Fears ban will create legal high black market
Do you think the council can enforce a citywide ban on synthetic drugs?
A Hamilton addictions expert has warned politicians that trying to ban synthetic drugs will drive them underground and into the city's poorest communities.
Hamilton City leaders are set to declare war on synthetic drugs after voting to instigate work on a trail-blazing city-wide ban on their sale and supply.
The city council has unanimously voted to start urgent work on a policy that they hope will strangle the market by limiting where the drugs can be sold.
The city should focus on banning their sales near sensitive areas such as schools and parks, director of the Alcohol and Drug Community Support Trust and council candidate Stephen King said.
Trying to ban them outright would create a black market and "criminals looking to make a buck", he said.
"My biggest concern would be that we chase legal highs out of the central city, and into the likes of Nawton and Fairfield, into our poorest communities."
The moves have been led by Councillor Angela O'Leary and follow a Hamilton police bust that saw the seizure of more than 2000 cannabinoid products.
Ms O'Leary asked staff to urgently draft an approved products policy in line with the Psychoactive Substances Act, with the aim of restricting their sale. The council unanimously supported her move despite concern over enforcement.
Ms O'Leary hopes that by banning the sale and supply of legal highs in enough locations, such as near schools and parks, an effective ban can be achieved.
She said the council had to react quickly to the new laws to prevent "puff stores" from popping up. Liquor stores were an example of what would happen.
"It is lucrative enough for one dairy to change overnight their entire business model. Imagine the landscape in three to five years," Ms O'Leary said.
Councillor Martin Gallagher said it was important not to criminalise users.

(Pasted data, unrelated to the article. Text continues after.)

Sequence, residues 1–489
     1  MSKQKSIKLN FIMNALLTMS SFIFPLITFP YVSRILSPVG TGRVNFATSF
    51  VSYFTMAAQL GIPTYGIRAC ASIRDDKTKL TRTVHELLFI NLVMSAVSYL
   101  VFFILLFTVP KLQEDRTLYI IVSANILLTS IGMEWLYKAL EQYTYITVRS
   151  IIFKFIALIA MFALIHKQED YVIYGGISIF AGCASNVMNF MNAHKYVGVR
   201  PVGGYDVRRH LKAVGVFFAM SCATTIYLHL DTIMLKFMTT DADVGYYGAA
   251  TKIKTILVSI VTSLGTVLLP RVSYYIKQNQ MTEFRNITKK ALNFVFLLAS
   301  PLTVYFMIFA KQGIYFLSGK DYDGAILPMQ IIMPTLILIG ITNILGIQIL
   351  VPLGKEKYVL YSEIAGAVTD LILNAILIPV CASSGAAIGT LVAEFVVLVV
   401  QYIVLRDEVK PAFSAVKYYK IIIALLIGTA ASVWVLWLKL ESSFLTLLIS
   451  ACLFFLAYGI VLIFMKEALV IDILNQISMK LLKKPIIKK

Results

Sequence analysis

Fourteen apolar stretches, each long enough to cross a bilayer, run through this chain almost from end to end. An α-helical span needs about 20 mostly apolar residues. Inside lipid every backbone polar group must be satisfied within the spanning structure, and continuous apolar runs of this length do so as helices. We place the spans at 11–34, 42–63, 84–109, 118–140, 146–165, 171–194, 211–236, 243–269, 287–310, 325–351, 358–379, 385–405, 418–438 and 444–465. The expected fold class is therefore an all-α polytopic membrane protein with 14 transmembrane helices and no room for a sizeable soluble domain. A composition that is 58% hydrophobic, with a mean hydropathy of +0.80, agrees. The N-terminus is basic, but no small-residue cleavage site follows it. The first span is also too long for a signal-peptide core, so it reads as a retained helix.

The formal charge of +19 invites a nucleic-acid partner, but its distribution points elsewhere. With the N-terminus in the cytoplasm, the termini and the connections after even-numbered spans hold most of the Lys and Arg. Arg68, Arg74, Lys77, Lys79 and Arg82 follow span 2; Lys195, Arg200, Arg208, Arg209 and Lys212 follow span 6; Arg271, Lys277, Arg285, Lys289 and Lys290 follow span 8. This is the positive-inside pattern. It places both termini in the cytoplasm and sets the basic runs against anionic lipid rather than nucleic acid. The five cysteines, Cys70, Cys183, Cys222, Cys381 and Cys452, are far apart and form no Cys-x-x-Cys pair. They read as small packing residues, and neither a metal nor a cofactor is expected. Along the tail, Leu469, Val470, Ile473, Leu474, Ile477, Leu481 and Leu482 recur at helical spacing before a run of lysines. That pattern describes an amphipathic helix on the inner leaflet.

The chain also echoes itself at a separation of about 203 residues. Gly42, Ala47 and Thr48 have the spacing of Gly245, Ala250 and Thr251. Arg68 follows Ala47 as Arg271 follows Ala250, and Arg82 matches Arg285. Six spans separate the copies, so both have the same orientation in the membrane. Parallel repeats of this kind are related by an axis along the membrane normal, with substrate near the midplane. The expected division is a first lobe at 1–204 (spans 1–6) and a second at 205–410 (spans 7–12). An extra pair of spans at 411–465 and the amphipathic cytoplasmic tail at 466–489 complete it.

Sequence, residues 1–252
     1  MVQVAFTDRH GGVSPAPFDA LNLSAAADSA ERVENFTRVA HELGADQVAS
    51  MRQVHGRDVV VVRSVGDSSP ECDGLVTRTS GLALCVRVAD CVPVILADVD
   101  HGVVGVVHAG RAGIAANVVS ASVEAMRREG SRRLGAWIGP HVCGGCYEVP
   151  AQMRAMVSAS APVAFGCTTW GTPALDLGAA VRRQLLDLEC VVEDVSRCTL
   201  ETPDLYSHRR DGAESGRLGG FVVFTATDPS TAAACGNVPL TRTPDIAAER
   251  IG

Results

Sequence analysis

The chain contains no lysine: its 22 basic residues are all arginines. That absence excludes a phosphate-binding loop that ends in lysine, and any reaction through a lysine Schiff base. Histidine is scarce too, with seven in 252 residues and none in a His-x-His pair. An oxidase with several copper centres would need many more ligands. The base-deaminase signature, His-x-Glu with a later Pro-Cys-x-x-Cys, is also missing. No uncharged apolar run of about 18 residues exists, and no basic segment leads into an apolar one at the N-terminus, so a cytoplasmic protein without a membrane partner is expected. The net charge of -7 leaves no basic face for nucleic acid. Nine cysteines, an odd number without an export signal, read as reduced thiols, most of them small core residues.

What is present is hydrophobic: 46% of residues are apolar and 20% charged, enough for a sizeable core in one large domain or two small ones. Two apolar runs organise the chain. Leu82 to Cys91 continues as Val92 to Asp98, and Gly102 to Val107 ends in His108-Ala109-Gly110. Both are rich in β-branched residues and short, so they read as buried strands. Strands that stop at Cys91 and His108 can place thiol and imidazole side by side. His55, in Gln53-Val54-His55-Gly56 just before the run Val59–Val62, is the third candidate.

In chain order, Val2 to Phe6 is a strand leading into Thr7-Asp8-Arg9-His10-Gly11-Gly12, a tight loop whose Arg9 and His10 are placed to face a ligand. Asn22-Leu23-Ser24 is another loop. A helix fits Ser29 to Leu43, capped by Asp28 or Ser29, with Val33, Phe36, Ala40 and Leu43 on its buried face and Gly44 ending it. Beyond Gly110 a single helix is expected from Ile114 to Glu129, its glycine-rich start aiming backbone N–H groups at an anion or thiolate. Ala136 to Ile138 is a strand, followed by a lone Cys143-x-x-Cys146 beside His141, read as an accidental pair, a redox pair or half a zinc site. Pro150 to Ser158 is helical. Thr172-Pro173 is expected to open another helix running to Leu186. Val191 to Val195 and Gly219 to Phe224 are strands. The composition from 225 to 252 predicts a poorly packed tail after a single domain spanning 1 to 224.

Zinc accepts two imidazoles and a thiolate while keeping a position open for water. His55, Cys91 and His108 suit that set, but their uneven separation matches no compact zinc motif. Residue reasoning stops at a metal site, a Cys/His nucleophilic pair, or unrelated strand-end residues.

"The focus should be on those greedy and grotty people who attempt to turn a buck at the expense of our children and grandchildren," Mr Gallagher said.
He advocated a joint approach with the district health board on the issue.
Councillor Dave Macpherson said the law had holes a truck could drive through.
"The legal highs industry has shown itself perfectly capable of exploiting any loopholes," he said.
"It's an evil, insidious industry, and it's got no morals."
However, several councillors questioned how such a policy could be enforced, prompting a request to investigate whether a bylaw would be more effective.
Councillor Margaret Forsyth said a policy lacked teeth. "It's our local kids whose lives are being destroyed, and it's a collaborative approach with the police, the DHB and community members," she said.
Councillor Peter Bos said the issue was another case of central government throwing problems onto councils and expecting ratepayers to pay twice.
"When we see these problems, we tend to pick it up, cuddle the stray cat, and then pay for it. Why are we continuously doing this?" Mr Bos said.
Staff will report back to the council next month on the potential for new restrictions on synthetic drugs, whether through a new policy or bylaw.
However, mayor Julie Hardaker cautioned her colleagues over the likelihood that a city-wide ban can be achieved under the legislation.
"I seriously doubt we can achieve a city-wide ban. Let's not get our hopes up," she said.
- © Fairfax NZ News
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